Michigan’s offense continued its woes, but in sunny Los Angeles, St. John’s’ defensive struggles allowed the Wolverines to secure the win.  

The No. 16 Michigan softball team (13-6) made a stop for the sixth game of its tour of the California coast, an individual contest against the Red Storm (7-14) wedged between two weekend series. The Wolverines won the matchup 4-2 on Tuesday night despite their offensive inconsistency. 

Michigan scored two right out of the gates, but their first-inning runs were a product of St. John’s’ poor defensive play. 

Before the first run, sophomore left fielder Lexie Blair reached base on a throwing error. Blair then stole second, putting her in scoring position. Senior designated player Abby Skvarce reached base on a fielding error by Red Storm first baseman Kaitlyn Lologo, allowing Blair to cross home plate for the first run of the day.

The Wolverines mustered up two singles, scoring Skvarce for the second unearned run of the contest. 

“We just want to be aggressive on the bases and find opportunities to score,” freshman shortstop Julia Jimenez said. “We just capitalized on all of their errors.”

While the Wolverines did capitalize on the errors, they did not capitalize on all of their hits. At the end of the inning, they went back to the dugout with three runners stranded.

In the second, Michigan scored two again. The runs, this time, came off the bat of junior first baseman Lou Allan. But yet again, the Wolverines failed to get a hit, leaving the bases loaded.

“Just getting good pitches to hit is one of the main focuses we need to have,” Jimenez said. “I think we're getting better at it as we go on with our games, but I think we just lost a little bit of that.”

After scoring two runs in each of the first two innings, Michigan went silent — netting zero runs and just two hits in the following four innings. In the same span, the Wolverines left four runners on base, contributing to a staggering total of 10 runners left on base in the game, seven of which were in scoring position.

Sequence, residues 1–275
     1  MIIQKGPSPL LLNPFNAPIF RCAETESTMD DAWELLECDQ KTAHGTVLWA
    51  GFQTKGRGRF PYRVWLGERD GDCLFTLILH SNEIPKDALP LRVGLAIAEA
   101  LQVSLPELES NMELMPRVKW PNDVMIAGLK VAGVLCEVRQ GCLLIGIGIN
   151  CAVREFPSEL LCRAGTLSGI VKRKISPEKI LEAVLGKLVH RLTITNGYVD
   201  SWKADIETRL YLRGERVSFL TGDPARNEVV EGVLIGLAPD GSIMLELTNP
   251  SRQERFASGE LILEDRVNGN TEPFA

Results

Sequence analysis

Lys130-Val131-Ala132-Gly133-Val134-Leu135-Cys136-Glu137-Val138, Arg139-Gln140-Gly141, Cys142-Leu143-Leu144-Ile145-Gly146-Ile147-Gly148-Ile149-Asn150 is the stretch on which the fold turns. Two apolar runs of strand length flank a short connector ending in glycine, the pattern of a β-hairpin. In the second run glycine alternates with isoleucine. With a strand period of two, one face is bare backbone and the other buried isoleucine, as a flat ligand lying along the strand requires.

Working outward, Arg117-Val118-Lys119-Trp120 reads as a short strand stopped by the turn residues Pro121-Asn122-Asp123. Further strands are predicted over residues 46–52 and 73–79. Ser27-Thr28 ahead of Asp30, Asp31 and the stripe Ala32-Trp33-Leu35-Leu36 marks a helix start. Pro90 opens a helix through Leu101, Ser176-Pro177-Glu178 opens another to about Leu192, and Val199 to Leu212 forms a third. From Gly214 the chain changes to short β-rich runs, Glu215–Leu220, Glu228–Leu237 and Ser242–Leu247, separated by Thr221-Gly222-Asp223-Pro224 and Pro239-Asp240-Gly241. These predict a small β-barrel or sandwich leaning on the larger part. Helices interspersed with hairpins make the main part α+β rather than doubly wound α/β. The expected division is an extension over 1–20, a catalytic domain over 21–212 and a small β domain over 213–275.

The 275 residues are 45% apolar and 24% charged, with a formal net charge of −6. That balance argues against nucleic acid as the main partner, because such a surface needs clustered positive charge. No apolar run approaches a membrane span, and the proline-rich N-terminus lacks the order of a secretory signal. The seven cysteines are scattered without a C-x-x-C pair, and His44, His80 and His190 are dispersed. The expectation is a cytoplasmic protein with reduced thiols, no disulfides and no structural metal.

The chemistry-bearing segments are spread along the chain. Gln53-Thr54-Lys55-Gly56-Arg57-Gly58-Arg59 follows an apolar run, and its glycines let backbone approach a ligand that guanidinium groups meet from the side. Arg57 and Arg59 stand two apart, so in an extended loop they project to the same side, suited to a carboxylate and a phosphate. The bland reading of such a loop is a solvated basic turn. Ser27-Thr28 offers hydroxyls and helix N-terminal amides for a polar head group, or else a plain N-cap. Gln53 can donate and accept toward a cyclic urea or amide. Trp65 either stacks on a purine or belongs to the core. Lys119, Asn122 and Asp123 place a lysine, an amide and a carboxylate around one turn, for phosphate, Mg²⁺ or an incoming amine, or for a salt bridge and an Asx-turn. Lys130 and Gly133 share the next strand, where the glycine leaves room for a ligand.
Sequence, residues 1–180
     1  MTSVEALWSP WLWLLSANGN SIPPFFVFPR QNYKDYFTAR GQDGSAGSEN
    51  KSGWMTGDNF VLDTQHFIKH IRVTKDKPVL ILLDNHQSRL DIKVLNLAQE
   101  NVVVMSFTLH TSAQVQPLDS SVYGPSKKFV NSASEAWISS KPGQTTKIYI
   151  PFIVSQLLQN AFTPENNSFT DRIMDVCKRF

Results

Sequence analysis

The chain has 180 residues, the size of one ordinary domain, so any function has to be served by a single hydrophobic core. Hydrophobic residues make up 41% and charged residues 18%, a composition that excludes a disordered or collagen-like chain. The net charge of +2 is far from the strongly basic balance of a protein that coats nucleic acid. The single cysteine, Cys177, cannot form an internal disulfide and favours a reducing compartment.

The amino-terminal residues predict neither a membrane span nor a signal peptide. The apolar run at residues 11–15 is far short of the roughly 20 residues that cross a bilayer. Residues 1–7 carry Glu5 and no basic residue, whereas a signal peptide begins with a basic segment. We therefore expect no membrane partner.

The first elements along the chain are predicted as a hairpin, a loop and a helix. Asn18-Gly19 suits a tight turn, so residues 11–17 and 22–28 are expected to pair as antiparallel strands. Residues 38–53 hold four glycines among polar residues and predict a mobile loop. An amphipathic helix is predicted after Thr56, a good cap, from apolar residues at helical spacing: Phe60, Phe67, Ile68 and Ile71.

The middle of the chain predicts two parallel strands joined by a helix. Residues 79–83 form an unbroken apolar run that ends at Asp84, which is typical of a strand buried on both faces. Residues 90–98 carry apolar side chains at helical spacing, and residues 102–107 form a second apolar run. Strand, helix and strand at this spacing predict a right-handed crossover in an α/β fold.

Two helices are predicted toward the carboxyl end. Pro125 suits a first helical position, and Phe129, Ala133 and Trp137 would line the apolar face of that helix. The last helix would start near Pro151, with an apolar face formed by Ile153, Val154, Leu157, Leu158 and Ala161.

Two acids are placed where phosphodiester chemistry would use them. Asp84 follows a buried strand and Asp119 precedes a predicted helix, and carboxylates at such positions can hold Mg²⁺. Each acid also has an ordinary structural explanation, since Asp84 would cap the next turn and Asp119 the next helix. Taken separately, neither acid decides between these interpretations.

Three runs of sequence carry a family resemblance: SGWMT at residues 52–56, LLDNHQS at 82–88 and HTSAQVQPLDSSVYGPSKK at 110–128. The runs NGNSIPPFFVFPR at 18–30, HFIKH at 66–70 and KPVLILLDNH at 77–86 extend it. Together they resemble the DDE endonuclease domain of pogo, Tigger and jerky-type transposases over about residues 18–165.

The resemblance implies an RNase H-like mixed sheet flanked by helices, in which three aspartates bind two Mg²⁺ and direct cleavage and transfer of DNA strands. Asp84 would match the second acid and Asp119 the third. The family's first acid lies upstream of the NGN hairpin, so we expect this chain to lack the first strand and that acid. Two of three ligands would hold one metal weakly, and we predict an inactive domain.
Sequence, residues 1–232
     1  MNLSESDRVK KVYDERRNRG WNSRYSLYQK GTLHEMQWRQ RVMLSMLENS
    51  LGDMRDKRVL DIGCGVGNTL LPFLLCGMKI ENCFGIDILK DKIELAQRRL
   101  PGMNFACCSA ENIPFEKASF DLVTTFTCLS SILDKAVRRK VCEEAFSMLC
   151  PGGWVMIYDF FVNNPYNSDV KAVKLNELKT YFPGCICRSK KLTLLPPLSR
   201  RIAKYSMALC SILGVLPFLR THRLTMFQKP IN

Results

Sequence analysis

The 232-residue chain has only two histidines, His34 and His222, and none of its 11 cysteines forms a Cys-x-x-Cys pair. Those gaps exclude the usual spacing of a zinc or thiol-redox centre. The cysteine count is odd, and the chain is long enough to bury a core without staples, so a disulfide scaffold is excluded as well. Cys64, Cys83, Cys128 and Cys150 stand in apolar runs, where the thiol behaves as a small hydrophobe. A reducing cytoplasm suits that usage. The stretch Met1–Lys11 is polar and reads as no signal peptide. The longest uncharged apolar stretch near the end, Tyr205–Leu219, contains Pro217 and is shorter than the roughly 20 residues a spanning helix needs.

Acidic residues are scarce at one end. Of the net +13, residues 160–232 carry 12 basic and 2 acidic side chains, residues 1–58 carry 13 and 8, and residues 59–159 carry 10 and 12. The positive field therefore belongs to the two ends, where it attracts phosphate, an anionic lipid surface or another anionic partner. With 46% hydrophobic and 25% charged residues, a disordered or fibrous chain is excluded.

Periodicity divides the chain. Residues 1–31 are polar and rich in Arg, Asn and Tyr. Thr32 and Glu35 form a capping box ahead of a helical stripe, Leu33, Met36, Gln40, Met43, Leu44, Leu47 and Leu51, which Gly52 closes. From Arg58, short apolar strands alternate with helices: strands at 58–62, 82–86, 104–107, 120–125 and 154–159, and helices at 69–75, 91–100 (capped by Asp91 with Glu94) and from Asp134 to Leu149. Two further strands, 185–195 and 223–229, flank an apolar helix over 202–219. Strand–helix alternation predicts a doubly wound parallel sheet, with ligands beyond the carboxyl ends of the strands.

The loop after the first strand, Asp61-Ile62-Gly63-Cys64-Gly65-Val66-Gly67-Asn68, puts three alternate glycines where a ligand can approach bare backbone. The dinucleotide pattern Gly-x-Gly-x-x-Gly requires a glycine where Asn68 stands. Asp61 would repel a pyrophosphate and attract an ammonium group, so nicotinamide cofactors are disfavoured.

Allan also believes the team’s problems stem from its mindset:

“I think a lot of the time we put a lot of pressure on ourselves as players and we feel like we have to get it done. … Thats all that we can focus on at that point.”

Despite its offensive maladies, Michigan was able to squeeze out a win. The two runs surrendered as a result of St. John’s’ defensive lapses were just enough to put the Wolverines over the top, but victory could not have come without a solid defensive performance.

Sophomore right-hander Alex Storako threw a complete game with 15 strikeouts and zero walks. Storako held the Red Storm to two runs on five hits, which proved to be enough to lead her team to a win. 

Michigan’s defense was staunch behind her, lending 21 putouts and zero errors — a stark contrast to St. John’s’ three. 

“I think our defensive performance went really well tonight,” Jimenez said. “Storako did an amazing job on the mound and she's our rock out there.”

The Wolverines’ strong collective performance in the field allowed them to capitalize on their opponents' mistakes.

Staring down games against No. 1 UCLA and No. 22 UCF in the coming days, Michigan will need to rely on more than just defense and pitching to prevail.

But on Tuesday, it was just enough to add one more to the Wolverineswin column.

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